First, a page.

Professor Mark Diesendorf of the University of New South Wales offered a 7 point response to the piece published yesterday by Senator Sean Edwards at the ABC Environment Blog. I have replied in the comments of the blog and re-post my reply here.
In response to Mark Diesendorf
“1. Life-cycle emissions from nuclear energy are greater than those from most renewables and are increasing as uranium ore-grade declines and more diesel has to be used to mine and mill uranium”.
This statement is an evidentiary furphy. Everyone from the IPCC outward knows and acknowledges that nuclear power is a low-carbon energy source across the lifecycle, comparable with renewable technology. Known and economic resources of uranium have been increasing over the last few decades. And finally, one must ask whether Diesendorf read this piece: the reactors under discussion use material that has already been mined to extract another 99 times the energy. If Diesendorf is familiar with the methodologies of the studies to which he refers, he will know what this means for nuclear: by scrubbing to zero the greenhouse inputs of all those early stages like mining, milling and enrichment, and by increasing the energy value by nearly two orders of magnitude, advanced nuclear will easily be the lowest-greenhouse energy source available to humankind.
“2. Climate scientist James Hansen admits in his book that he is ignorant of energy matters and takes his advice from people who support nuclear energy. He is poorly advised.”
I think these assertions would come as a shock to Dr Hansen, a scientist of far higher global standing than Prof. Diesendorf, and I will see whether he would like to offer a reply. The study quoted by Kharecha and Hansen is “Prevented mortality and greenhouse gas emissions from historic and projected nuclear power”, published to the journal “Environmental Science and Technology”. If Diesendorf wishes to dispute the findings, his responsibility as an academic is to publish a response in a journal of similar quality. When academics resort to cheap shots in a comment thread, it is symptomatic of a weak underlying argument.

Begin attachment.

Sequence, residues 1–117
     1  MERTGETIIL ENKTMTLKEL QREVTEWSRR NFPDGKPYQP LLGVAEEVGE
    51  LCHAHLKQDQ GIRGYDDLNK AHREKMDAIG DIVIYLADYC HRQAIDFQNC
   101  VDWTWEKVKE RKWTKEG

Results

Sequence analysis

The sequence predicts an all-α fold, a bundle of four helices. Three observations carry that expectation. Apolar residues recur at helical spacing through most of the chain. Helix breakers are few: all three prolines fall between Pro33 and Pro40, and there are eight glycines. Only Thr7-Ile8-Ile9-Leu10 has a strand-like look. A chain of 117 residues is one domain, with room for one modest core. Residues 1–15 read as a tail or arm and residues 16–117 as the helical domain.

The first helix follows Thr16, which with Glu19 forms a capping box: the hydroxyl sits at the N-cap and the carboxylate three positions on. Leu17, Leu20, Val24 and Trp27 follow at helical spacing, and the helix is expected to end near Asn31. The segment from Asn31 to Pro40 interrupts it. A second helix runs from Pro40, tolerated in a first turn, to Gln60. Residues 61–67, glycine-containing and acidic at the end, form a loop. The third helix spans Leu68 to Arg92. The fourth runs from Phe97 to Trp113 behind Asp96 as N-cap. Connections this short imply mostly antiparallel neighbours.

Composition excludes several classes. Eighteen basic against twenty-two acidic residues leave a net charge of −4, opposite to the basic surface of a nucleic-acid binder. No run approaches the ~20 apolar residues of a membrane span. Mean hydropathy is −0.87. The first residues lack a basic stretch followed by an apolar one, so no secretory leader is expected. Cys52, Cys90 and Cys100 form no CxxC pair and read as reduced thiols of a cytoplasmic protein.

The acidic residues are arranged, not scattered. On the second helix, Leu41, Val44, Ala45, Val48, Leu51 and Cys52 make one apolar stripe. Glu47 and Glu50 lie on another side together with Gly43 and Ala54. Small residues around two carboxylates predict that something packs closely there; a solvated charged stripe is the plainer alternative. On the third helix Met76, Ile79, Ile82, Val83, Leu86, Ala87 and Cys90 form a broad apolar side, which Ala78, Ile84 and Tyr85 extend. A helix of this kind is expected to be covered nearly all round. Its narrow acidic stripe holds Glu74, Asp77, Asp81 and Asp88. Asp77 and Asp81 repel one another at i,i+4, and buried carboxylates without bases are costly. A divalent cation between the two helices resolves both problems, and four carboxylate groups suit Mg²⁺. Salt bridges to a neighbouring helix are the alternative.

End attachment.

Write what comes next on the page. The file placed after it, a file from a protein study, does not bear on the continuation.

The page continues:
UPDATE from reader Tom Keen:
“Diesendorf actually did coauthor a critique of the Kharecha and Hansen paper, published in the same journal: http://pubs.acs.org/doi/abs/10.1021/es401667hThe comment is full of erroneous statements and misleading information, as the response to the comment by the original authors plainly illustrates:http://pubs.acs.org/doi/abs/10.1021/es402211m“
It seems Diesendorf has followed the correct pathway here. My apologies on that point of process. But yes, I encourage all readers to look to those links for the issues at hand. That is vastly inferior work on the topic.
“3. Those who claim falsely that nuclear energy is safe avoid counting the principal cause of fatalities associated with nuclear accidents: cancers. Estimates by reputable bodies for fatalities from Chernobyl range from 4000 to 93,000.”
I invite Diesendorf to read the paper from Kharecha and Hansen, along with the “Externalities of Energy” study from the European Commission and “Electricity generation and health” by Markandya and Wilkinson, published to “Lancet” in 2007. He will find full and accurately sourced accounting of that single incident in all these sources that deliver the same finding: nuclear power is safe.
“4. The Integral Fast Reactor was only built many years ago as a prototype and may never become commercially available, for good reason. It doesn’t have to be used to burn up some of the spent fuel. It can actually make it easier to separate plutonium-239 for nuclear weapons. Its development was terminated in the USA for this reason.”